The amount of tonnage hauled by the for-hire trucking industry rose in November by 2.7 percent after declining in October by a revised 2.8 percent, according to the American Trucking Associations, who released its monthly Truck Tonnage Index this week.
The index rose to 128.5 — an all-time high. The index has set four all-time highs this year, all of them coming in the last five months, as the index broke the record in July then rose again in August and September.
The index also was up 8.1 percent in November from the same month in 2012, which ATA says is “robust.”
Year to date, tonnage is up 5.8 percent through November compared to the same period in 2012.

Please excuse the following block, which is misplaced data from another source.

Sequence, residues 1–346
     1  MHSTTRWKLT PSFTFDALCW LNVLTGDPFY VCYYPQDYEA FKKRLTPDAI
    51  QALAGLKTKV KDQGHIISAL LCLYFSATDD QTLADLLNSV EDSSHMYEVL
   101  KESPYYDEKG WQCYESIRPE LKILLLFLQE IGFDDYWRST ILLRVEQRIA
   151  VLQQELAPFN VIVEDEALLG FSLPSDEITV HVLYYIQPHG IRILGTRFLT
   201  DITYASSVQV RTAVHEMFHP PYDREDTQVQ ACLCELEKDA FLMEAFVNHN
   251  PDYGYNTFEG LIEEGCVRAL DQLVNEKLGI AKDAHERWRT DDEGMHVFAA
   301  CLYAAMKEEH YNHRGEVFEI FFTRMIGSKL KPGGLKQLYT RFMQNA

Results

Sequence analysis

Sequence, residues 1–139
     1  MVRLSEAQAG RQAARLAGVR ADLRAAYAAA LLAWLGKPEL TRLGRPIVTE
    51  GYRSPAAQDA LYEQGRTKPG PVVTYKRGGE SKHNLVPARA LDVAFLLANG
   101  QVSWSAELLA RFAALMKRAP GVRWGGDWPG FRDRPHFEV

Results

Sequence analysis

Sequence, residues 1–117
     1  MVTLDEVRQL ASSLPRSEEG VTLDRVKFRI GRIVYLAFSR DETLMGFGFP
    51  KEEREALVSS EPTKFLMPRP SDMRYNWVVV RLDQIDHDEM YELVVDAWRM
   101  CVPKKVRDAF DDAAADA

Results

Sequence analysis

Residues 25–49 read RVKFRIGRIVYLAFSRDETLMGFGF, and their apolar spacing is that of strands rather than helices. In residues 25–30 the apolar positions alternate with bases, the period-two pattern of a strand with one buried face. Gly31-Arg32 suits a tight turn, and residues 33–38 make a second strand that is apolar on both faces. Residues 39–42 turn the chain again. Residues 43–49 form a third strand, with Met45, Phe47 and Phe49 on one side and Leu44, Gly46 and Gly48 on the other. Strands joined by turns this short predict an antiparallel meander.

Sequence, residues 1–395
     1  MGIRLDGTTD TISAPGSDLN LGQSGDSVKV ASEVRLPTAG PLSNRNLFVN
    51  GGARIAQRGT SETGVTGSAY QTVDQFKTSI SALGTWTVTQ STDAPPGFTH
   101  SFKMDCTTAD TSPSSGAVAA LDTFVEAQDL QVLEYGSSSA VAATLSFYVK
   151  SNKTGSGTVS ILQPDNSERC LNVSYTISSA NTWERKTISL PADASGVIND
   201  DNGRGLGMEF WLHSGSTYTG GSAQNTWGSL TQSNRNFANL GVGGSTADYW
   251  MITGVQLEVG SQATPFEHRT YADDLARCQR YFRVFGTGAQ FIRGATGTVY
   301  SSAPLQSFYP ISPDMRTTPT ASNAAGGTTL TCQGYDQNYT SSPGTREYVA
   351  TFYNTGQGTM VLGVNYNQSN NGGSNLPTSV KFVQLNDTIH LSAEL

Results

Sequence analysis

ATA’s Chief Economist, Bob Costello, says the tonnage increase is in line with other data. “Tonnage snapped back in November, which fits with several other economic indicators,” said ATA Chief Economist Bob Costello. “Assuming that December isn’t weak, tonnage growth this year will be more than twice the gain in 2012.”
In all of 2012, tonnage increased 2.3 percent over 2011.
However, as he’s cautioned in recent months about the surge in tonnage, Costello said the growth in spurred by “fast growing sectors of the economy that generate heavy freight loads, like residential construction, fracking for oil and natural gas and auto production,” he said.